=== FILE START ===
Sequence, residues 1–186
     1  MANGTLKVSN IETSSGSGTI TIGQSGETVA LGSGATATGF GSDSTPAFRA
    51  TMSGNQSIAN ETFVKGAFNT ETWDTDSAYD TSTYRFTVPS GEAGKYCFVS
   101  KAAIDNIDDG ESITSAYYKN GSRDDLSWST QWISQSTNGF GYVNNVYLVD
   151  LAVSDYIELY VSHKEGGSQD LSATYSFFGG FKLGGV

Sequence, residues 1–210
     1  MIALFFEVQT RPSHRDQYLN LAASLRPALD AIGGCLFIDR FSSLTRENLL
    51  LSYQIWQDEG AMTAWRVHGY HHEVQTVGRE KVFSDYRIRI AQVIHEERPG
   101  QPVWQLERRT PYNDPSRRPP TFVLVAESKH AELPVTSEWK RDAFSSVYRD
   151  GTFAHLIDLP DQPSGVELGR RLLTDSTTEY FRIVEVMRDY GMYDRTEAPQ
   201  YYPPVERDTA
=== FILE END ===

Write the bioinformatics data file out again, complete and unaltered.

Sequence, residues 1–186
     1  MANGTLKVSN IETSSGSGTI TIGQSGETVA LGSGATATGF GSDSTPAFRA
    51  TMSGNQSIAN ETFVKGAFNT ETWDTDSAYD TSTYRFTVPS GEAGKYCFVS
   101  KAAIDNIDDG ESITSAYYKN GSRDDLSWST QWISQSTNGF GYVNNVYLVD
   151  LAVSDYIELY VSHKEGGSQD LSATYSFFGG FKLGGV

Sequence, residues 1–210
     1  MIALFFEVQT RPSHRDQYLN LAASLRPALD AIGGCLFIDR FSSLTRENLL
    51  LSYQIWQDEG AMTAWRVHGY HHEVQTVGRE KVFSDYRIRI AQVIHEERPG
   101  QPVWQLERRT PYNDPSRRPP TFVLVAESKH AELPVTSEWK RDAFSSVYRD
   151  GTFAHLIDLP DQPSGVELGR RLLTDSTTEY FRIVEVMRDY GMYDRTEAPQ
   201  YYPPVERDTA